J. P. Aston was appointed as a Medical Officer at the Bath Homeopathic Hospital, where he observed Percy Roberts Wilde. At the hospital Aston also became a colleague of George Newman, George Norman, Edward Christopher Holland, and John Hamilton Mackechnie.
John Pitney Aston was born in St Briavels, Forest of Dean, Gloucestershire, the eldest son of Congregational minister John Aston (1816 – 1903) and Amelia Pitney (1823 – 1908).
Aston determined on a career in medicine and obtained his license from the Worshipful Society of Apothecaries in 1870.
By 1871 Aston was working in Bradford where he was medical assistant to physician and surgeon Christian Henry Taylor L.S.A M.R.C.P. M.R.C. S. (1817 – 1891).
Aston’s career in the interim is unclear but by 1876 he was based in Eccleshill as Medical Officer for the District.
In September 1878, J. P. Aston married Jane Stewart (1853 – 1886) and had a daughter, Amelia Jane Henderson (1879 – 1925). Three years after Jane died, Aston married his wife’s youngest sister, Mary Ann Stewart (1864 – 1937), with whom he had another daughter, Marian Gladys Stewart Aston (1890 – 1969).
By 1881, Aston and his wife Jane were recorded as living at Ellenthorpe House in Eccleshill, Yorkshire. He was later resident at Richmond House in the town, and in the 1890 Medical Register, Aston was listed as residing at 160 Manningham Lane, Bradford.
In January 1893, Aston was elected as a Fellow of the Incorporated Society of Medical Officers of Health.
Mr. J. P. Aston was a physician of the orthodox school with an extensive practice in Yorkshire, where he was Medical Officer of Health for his own district.
Through overwork he had to relinquish his practice for a time, and undertook the lighter labours of medical superin tendent of the West of England ” Hydro.”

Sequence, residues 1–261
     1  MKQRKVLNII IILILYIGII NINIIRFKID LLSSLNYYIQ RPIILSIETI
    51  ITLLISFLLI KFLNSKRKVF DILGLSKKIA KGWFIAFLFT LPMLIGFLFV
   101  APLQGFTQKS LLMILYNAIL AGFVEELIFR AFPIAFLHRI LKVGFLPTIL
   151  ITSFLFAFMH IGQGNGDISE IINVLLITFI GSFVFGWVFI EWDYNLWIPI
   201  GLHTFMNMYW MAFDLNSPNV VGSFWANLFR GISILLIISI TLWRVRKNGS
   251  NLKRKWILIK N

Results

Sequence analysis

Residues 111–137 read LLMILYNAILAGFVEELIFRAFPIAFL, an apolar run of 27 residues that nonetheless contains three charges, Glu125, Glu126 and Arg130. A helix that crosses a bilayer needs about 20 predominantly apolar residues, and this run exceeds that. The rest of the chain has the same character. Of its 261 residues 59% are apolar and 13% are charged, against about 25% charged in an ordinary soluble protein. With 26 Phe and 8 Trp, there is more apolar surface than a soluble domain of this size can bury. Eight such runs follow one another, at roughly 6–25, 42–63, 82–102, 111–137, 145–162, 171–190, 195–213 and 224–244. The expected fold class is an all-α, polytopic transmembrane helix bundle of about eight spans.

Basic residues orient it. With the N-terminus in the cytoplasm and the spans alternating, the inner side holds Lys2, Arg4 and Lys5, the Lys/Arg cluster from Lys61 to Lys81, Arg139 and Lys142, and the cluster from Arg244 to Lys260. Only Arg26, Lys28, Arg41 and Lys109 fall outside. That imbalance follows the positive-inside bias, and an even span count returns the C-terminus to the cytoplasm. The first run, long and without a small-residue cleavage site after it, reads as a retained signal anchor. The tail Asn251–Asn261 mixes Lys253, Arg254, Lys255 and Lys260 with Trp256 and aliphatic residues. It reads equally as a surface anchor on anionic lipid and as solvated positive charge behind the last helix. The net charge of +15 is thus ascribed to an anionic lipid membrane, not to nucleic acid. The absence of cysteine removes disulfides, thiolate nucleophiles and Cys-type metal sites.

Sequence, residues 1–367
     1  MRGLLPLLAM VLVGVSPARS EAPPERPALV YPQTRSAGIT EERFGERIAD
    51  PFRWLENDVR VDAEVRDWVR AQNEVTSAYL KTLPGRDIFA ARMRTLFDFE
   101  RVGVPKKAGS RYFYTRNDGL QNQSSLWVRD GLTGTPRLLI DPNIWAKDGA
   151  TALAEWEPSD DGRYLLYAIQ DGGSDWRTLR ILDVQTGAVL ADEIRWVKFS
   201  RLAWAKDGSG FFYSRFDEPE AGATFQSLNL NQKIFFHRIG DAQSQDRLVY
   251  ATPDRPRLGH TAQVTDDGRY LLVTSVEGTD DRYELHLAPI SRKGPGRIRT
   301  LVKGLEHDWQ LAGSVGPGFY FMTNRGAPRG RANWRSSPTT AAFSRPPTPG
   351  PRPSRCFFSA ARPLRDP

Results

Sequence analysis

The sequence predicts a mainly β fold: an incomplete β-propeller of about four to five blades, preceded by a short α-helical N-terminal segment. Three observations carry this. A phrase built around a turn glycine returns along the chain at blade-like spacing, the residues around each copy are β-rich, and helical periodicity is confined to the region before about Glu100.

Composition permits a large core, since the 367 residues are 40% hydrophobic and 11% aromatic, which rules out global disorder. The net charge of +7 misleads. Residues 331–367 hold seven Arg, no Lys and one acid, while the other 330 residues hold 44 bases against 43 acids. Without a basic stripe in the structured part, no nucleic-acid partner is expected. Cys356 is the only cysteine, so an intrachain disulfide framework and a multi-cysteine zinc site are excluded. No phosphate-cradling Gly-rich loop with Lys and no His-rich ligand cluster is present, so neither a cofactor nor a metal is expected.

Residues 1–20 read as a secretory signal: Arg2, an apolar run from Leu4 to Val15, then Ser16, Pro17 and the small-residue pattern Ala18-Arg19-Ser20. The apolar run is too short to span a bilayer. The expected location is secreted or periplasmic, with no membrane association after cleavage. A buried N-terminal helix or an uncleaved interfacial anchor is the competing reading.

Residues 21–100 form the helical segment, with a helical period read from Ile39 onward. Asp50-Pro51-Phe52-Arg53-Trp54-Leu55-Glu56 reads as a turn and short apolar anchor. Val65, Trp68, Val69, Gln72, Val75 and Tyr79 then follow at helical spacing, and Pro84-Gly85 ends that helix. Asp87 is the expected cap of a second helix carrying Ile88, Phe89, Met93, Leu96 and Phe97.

While there he became interested in treatment on homoeopathic principles, and made a study of the literature of the subject. In order to have practical opportunities of watching the practice, he attended Dr. Percy Wilde’s clinique at the Homoeopathic Hospital at Bath, and was subsequently elected a member of the honorary staff.
His health having become restored, he returned to the field of his former labours, and made no secret of his belief in the principles of homoeopathy.
This led to antagonism on the part of his former medical colleagues, and a public controversy took place in which Mr. Aston more than held his own. Some news of this controversy appeared in a homoeopathic periodical, but instead of the praise being bestowed on the man who had so boldly supported the cause of homoeopathy against the profession of Yorkshire, Mr. Aston was, perhaps, blamed for not more openly ranking himself amongst the adherents of homoeopathy.
He was too large-minded a man to be hurt by this, but it did not impress him favourably with those responsible for the conduct of the homoeopathic school as a body, and while believing in the truth of the law of similars he always declined to associate himself with the school.
Mr. Aston was always a fearless advocate of every principle he considered right, and was unsparing in the labour he would take to investigate the cause of truth. He was never a blind partisan, but would instantly admit a truth even from an opponent in the heat of controversy. He never stopped to consider on which side his interest lay, he stated what he believed to be true, and was equally ready to give an attentive hearing to his opponent.
In the early days of his study of homoeopathy, he found it necessary to keep a bottle of sacch. ust. in the surgery to provide his remedies with that colour and taste which a Yorkshireman thinks necessary to medicine. One day he prescribed some bryonia for a patient, and took down the sacch. ust. bottle to add the usual complement to his homoeopathic remedy. “Ah,”said the patient,”now I know you will do me good; I always get better when you use that bottle.”
One of Mr. Aston’s contributions to medical literature was “A Protest against the Exclusion of Homoeopathic Works from the Library of the Royal College of Physicians.” This appeared in the Lancet, 1890.
Aston was buried in the Salem Congregational Chapel Chapelyard in Bradford, Yorkshire.